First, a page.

David Cameron carefully called human beings a “swarm”. Like a tedious, shock-stirring hate columnist might call people drowning in the sea “cockroaches”, there was only one purpose – to turn them into not-people. If they are a swarm, if they are a they, then they are a mass, not individuals, not people with families and stories and lives. They are insects.
If you asked me to describe my country nowadays, I’d say it’s somewhere that’s unfriendly, unwelcoming, insular, like an alleycat crouched snarling over the corpse of a dead rat, determined to cling on to the scraps it’s got and to hell with everything else. People in London might claim it’s the most diverse city in the universe, blah de blah, but we like rich “diversity” – we just don’t like people from elsewhere if they might have needs rather than pump in dirty money.
But this is what we want. We have government by focus group, and focus groups are made up of the man and woman in the street, and I’ve met the man and woman in the street, and the man and woman in the street are cunts. We don’t want our precious beautiful perfect soil to be tainted by human beings fleeing terrible poverty, war, death and destruction in their homelands. Sure, it’s terrible for them and all that, but we’d rather look the other way and pretend they don’t really exist. Could we shunt them a bit further away from Calais, so they don’t spoil our nice holidays so much? Can we stop them getting in boats on the Mediterranean? Shut down the borders. Build a huge wall. Stop them coming. Look the other way. This isn’t a humanitarian crisis; it’s about our right to a nice life, which is apparently under threat by showing a scrap of compassion to other people, people like us, who just happened to be born under different circumstances.
You feel almost apologetic nowadays, some kind of ridiculous bleeding heart, if you talk about immigration this way. You feel like you have to justify why you think it’s a good idea not to treat people like insects, why everyone should have the right for a good life, even if that means that the quality of ours might suffer a little to accommodate people who’ve got nowhere else to go. You think, is it me? Am I wrong? Is it just me who doesn’t mind if we help people who need help, because it’s the right thing to do? When did we stop doing things because it’s the right thing to do? But it seems so hopelessly outdated.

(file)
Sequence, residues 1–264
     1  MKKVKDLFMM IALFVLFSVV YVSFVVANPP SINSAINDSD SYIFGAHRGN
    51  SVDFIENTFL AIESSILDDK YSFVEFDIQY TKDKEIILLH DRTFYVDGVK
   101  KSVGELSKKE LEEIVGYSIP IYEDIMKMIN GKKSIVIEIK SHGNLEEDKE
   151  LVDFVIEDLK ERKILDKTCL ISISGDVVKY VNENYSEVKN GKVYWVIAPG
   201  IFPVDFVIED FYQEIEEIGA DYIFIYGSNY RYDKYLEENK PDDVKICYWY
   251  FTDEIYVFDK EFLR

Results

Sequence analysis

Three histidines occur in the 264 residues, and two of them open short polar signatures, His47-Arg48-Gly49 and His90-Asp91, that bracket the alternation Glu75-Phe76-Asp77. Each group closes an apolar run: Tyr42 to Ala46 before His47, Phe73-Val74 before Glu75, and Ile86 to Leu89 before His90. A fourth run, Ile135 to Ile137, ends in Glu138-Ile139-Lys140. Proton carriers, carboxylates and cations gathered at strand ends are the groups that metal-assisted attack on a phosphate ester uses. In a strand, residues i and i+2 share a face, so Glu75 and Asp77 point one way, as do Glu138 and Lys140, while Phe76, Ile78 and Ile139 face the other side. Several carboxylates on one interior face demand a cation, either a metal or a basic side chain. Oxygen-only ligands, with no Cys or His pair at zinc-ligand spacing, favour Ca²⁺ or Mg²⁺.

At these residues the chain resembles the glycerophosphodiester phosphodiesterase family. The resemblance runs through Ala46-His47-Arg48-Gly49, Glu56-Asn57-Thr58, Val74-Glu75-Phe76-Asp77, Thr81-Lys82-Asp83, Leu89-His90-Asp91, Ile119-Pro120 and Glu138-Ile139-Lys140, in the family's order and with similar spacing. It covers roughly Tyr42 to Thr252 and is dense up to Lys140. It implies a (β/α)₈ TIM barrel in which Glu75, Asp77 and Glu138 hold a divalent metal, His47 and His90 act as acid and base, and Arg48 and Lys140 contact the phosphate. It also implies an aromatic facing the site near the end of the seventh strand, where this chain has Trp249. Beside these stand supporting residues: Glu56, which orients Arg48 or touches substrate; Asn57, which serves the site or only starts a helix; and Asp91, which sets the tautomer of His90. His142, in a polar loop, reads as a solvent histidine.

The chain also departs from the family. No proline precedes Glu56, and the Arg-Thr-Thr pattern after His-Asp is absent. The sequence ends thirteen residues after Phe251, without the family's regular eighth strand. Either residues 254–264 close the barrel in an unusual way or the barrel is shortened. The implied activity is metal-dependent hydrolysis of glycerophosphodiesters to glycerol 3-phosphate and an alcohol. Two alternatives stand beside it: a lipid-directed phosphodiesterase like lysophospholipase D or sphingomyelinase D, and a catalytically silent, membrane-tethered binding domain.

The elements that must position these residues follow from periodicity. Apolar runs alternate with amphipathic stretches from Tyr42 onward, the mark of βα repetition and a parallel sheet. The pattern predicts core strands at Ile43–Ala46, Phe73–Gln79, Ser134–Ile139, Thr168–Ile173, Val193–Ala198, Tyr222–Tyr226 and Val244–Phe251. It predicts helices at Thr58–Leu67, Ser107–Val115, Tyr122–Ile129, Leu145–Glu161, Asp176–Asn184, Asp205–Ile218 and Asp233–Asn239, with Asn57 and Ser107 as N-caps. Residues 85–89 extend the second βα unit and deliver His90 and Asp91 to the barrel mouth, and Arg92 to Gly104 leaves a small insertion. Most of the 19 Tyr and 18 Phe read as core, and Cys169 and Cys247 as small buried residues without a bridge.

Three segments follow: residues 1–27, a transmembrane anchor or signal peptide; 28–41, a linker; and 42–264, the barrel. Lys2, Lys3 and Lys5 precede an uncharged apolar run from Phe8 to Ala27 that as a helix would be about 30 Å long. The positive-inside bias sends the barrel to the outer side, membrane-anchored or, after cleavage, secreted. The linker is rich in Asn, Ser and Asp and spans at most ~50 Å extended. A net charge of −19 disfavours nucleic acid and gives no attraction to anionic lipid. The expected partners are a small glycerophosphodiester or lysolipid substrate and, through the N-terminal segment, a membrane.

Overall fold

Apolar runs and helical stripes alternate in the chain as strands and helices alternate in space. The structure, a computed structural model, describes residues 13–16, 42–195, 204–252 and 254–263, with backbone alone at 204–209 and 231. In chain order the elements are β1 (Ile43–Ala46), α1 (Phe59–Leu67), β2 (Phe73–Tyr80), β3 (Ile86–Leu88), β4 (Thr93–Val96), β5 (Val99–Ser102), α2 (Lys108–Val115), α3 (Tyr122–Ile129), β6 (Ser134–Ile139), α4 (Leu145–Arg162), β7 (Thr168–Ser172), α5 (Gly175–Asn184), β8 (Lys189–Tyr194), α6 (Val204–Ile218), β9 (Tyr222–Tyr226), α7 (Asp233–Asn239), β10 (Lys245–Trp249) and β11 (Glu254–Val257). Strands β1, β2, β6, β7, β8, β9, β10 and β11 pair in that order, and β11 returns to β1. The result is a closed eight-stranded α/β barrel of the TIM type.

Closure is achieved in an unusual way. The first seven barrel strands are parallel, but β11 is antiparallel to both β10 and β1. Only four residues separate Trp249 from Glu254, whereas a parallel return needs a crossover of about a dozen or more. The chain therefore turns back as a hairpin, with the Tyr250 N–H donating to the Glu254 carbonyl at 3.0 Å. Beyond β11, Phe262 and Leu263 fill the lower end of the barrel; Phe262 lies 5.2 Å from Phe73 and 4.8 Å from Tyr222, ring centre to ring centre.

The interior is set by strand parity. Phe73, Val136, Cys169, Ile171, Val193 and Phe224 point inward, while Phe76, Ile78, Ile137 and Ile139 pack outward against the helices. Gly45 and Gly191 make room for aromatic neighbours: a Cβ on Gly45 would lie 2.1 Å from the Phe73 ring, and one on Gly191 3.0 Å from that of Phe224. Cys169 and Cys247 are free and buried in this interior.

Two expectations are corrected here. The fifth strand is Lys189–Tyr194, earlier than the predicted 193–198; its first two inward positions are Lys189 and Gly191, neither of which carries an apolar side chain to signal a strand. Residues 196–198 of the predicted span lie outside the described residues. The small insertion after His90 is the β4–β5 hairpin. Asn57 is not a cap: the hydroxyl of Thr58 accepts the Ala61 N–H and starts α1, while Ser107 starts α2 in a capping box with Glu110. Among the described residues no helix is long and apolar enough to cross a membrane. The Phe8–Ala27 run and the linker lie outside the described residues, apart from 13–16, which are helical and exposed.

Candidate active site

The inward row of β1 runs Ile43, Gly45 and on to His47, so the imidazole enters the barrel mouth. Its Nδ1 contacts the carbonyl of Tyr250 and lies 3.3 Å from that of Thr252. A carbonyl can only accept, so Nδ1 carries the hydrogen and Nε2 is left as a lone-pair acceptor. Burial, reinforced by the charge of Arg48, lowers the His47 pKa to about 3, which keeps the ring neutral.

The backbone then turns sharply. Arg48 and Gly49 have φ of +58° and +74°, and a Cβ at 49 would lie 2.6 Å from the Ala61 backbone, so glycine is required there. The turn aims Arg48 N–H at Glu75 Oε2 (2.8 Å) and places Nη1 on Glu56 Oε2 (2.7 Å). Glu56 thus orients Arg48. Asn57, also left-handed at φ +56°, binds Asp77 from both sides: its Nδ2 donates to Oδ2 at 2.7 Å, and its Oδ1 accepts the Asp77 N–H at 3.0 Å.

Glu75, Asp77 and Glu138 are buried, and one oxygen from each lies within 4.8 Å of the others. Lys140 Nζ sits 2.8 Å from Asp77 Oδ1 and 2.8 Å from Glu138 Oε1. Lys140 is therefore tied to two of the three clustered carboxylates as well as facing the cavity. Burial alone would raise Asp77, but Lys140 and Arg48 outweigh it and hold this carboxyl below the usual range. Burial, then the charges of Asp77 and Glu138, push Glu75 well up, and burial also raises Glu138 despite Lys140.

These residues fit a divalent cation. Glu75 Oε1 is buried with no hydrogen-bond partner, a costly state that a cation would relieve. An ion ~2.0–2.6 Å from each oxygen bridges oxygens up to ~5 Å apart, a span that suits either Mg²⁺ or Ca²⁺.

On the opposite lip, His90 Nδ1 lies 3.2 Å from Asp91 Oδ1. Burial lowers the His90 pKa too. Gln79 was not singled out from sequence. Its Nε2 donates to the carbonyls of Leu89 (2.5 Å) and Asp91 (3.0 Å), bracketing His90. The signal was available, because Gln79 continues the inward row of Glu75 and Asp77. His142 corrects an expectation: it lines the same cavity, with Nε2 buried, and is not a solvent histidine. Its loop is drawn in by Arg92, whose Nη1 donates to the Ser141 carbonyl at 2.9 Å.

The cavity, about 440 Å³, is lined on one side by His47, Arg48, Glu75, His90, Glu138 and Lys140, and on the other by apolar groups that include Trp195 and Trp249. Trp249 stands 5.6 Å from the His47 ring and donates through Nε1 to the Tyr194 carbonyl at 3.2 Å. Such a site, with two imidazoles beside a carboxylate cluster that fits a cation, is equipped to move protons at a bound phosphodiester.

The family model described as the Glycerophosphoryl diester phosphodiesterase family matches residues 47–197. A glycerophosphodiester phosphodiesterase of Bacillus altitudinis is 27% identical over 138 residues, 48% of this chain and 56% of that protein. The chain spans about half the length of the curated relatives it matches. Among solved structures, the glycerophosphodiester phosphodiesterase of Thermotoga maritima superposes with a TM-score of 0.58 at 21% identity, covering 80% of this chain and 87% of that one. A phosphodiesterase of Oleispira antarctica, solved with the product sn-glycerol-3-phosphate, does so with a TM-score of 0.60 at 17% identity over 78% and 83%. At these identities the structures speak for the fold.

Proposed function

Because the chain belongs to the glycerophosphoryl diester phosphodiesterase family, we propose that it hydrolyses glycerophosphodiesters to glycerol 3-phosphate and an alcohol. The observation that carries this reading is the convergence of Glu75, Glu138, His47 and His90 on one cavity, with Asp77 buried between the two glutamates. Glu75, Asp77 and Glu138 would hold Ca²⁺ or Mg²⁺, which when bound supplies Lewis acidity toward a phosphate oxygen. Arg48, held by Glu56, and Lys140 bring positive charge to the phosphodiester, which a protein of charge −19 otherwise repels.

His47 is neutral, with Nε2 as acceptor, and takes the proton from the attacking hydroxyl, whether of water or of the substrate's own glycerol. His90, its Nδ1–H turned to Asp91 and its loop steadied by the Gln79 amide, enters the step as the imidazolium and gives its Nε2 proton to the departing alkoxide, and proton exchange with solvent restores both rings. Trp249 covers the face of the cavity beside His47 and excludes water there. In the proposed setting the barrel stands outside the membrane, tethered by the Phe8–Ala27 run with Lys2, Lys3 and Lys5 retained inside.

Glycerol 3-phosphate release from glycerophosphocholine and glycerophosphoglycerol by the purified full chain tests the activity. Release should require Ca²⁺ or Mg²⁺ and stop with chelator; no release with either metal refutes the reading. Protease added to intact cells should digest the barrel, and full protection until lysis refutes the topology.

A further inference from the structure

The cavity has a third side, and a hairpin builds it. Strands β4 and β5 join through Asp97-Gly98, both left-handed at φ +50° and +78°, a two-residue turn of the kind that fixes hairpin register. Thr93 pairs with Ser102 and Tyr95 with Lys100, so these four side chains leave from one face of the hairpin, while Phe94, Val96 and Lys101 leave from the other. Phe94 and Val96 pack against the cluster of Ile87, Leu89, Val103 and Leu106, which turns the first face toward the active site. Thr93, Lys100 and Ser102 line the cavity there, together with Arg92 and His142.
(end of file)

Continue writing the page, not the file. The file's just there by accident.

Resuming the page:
We chose this. Time and again, Britain has decided to make itself less and less welcoming to visitors, be they refugees, economic migrants or world-renowned artists. We don’t want you here: that’s the message that comes across, in speech and in policy. But it’s not just David Cameron and his party. There’s a points system in place that means there’s a huge skills shortage. It was a “red line” for the Coalition deal: the Liberal Democrats might bleat about an anti-immigration policy now, but they had five years of chauffeur-driven luxury and nice shiny offices by letting it happen. Labour had a “Controls on Immigration” mug for sale during the election. Ukip have thrived on back-of-a-fag-packet Little Britain racism. It’s a broad consensus. People don’t like immigration, therefore we must do something about it. Something; anything.
It starts with language like “swarm” and calls to bring in the army. Bring in the army to deal with people, many of whom are fleeing conflict at home. Run away from guns to be faced by more guns. Look for hope and help, be met with contempt. This is Britain, and you’re not welcome. We don’t like you and we don’t want you here. Why don’t you just not bother?